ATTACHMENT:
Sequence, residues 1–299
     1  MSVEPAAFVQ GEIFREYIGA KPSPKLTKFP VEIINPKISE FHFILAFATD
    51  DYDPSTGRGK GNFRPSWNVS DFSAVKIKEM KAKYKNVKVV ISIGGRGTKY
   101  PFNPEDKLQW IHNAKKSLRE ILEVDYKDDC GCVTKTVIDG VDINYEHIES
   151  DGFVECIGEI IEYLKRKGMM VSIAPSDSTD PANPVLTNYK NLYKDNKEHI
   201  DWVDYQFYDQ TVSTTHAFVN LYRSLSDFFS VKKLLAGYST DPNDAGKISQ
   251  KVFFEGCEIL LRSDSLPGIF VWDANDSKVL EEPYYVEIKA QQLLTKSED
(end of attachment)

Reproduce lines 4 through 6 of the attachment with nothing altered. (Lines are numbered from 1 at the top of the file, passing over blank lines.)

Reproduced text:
   101  PFNPEDKLQW IHNAKKSLRE ILEVDYKDDC GCVTKTVIDG VDINYEHIES
   151  DGFVECIGEI IEYLKRKGMM VSIAPSDSTD PANPVLTNYK NLYKDNKEHI
   201  DWVDYQFYDQ TVSTTHAFVN LYRSLSDFFS VKKLLAGYST DPNDAGKISQ